At Croft CE Primary School, we believe that social and emotional well-being of our pupils is a crucial part of helping children to be the best that they can be. All the staff are committed to supporting children's happiness and developing character traits that will help them be successful both at school and in life.
What is character education?
Character education is about recognising, understanding and developing of the character traits that make us unique and then using these muscles to allow us to be the best version of ourselves. At the heart of character education is creating a culture in and out of school where pupils are given every opportunity to rehearse and strengthen their sense of themselves.
Route to Resilience is an exciting whole school project that we are participating in with conjunction with Public Health England and the Department for Education. The project focuses on character education and improving the mental health of young people. We are exploring ways to develop strong character muscles in pupils to prepare them for learning and in life.
Why is character education important for your child?
Children starting school in 2018 will not retire until 2082 at the earliest! There is a growing recognition of the need to equip children with a set of personal characteristics that will make them successful in all occupations and consequently result in a happy, fulfilled life.
What is the school doing to improve children’s character muscles?
Our school has chosen to focus on the development of the following character muscles: concentration, optimism, independence, risk-taking, self-esteem, confience, imagination and creativity. We’ve shared this key character vocabulary to the children. Lessons often include a character focus or a mini activity to warm up the character skills needed for the lesson.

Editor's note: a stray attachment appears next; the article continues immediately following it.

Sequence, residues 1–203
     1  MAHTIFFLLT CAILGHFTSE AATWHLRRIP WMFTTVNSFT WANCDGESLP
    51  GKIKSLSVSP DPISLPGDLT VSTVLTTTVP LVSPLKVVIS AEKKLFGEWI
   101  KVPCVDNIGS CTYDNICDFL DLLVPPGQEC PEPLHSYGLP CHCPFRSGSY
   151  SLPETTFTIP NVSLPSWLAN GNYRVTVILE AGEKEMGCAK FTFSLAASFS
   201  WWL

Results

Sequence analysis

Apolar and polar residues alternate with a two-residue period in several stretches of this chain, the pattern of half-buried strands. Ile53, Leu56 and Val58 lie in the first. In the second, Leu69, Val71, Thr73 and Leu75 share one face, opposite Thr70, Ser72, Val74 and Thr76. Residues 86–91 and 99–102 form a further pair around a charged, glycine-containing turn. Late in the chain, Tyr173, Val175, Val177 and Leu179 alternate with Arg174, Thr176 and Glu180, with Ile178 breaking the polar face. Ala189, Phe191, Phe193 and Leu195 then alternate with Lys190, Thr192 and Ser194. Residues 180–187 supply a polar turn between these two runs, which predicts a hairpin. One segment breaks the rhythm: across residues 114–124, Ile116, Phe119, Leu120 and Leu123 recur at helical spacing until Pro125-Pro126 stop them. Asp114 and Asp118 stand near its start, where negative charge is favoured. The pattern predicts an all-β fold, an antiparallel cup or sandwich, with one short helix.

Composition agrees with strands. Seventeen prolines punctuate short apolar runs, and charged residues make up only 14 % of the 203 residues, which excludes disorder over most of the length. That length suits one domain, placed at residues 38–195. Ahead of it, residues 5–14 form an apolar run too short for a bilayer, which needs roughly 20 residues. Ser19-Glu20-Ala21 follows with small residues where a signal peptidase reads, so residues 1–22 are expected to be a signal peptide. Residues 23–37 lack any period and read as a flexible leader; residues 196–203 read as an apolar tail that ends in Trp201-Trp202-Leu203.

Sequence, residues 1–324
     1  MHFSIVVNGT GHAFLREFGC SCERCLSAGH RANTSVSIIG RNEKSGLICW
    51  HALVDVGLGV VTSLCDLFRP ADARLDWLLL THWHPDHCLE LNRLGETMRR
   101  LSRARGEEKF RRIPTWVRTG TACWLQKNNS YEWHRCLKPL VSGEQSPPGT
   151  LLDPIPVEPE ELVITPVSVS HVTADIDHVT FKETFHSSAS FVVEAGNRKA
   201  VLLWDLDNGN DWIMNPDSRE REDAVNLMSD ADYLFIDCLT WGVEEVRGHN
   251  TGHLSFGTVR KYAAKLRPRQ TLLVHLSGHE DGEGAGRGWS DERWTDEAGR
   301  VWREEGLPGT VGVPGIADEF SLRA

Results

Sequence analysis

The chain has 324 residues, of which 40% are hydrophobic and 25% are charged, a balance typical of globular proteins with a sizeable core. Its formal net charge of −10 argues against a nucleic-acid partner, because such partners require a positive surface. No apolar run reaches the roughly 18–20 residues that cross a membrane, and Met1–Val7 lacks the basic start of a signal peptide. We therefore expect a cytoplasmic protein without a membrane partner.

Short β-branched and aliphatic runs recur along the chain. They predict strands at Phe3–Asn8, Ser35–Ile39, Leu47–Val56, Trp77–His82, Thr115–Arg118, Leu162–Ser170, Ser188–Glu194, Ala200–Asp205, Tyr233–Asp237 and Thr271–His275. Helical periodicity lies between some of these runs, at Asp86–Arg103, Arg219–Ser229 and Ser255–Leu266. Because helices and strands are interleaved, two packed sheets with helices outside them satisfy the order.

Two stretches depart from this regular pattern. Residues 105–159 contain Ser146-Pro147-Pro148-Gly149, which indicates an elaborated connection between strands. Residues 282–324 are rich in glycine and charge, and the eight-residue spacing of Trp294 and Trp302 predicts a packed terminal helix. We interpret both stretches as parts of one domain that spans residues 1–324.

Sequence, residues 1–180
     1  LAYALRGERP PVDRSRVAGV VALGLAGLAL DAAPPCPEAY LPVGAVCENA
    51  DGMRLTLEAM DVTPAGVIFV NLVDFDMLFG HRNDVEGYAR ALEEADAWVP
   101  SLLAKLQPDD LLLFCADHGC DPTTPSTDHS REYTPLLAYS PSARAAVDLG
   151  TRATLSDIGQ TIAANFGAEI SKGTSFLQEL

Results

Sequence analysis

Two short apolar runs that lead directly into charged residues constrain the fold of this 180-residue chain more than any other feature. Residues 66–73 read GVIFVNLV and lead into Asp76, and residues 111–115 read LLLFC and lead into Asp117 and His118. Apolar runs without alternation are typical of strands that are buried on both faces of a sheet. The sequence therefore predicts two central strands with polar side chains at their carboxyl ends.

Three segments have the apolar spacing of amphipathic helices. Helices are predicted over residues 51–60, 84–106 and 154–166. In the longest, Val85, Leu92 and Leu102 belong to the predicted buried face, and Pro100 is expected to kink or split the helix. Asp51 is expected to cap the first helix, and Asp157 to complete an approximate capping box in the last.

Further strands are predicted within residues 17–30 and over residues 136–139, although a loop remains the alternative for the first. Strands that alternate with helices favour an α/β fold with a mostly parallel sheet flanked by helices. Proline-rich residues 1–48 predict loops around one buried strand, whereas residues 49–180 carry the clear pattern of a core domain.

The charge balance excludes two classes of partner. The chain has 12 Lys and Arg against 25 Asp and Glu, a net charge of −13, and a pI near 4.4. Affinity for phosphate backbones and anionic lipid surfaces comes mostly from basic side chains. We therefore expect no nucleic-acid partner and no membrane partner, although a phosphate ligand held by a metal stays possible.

What will I notice at home?
Your child will begin to use character vocabulary at home and you will see the words mentioned on certificates your child receives from school. At the end of the school year, staff will comment on the character muscles in the end of year report.
Ways to support your child at home:
*Discuss our school's character words with your child. Can he/she give examples of times when those character muscles have been used?
* Explain that at different times (and for different tasks) we need to draw on different aspects of our personality to achieve. This is true socially, academically and in terms of self-belief.
* Help your child explore his/her own strengths and those of others. Be careful not to allow your child's strengths and weaknesses are fixed.
*Areas of weakness are made stronger through practice.
*Deconstruct the characteristics needed to succeed in various fields: author,footballer, hairdresser or any other profession your child admires. Discuss the skills required for these professions, for example: teamwork, perseverance, imitation and communication.
*Help build self-belief. Where your child may feel he/she has a weakness ask them to think of times they have evidenced that characteristic. Can't concentrate? Ask what is the longest period you've played a computer game for? This shows children that these skills are transferable to different contexts and that they have the capacity to improve.
Supporting the mental health of children
Please find below a list of services who offer support for parents and children who suffer with mental health issues.
*Healthy Together - School Nursing Service
Parent helpline: 0300 3000 007
*Young Minds - UK charity committed to improving the wellbeing and mental health of children and young people.
Helpline for parents: 0808 802 5544
*Health for Kids! Local NHS website that brings together interactive and informative content for primary school children and their parents: www.healthforkids.co.uk
*Minded - a section on the website dedicated to family resources: www.minded.org.uk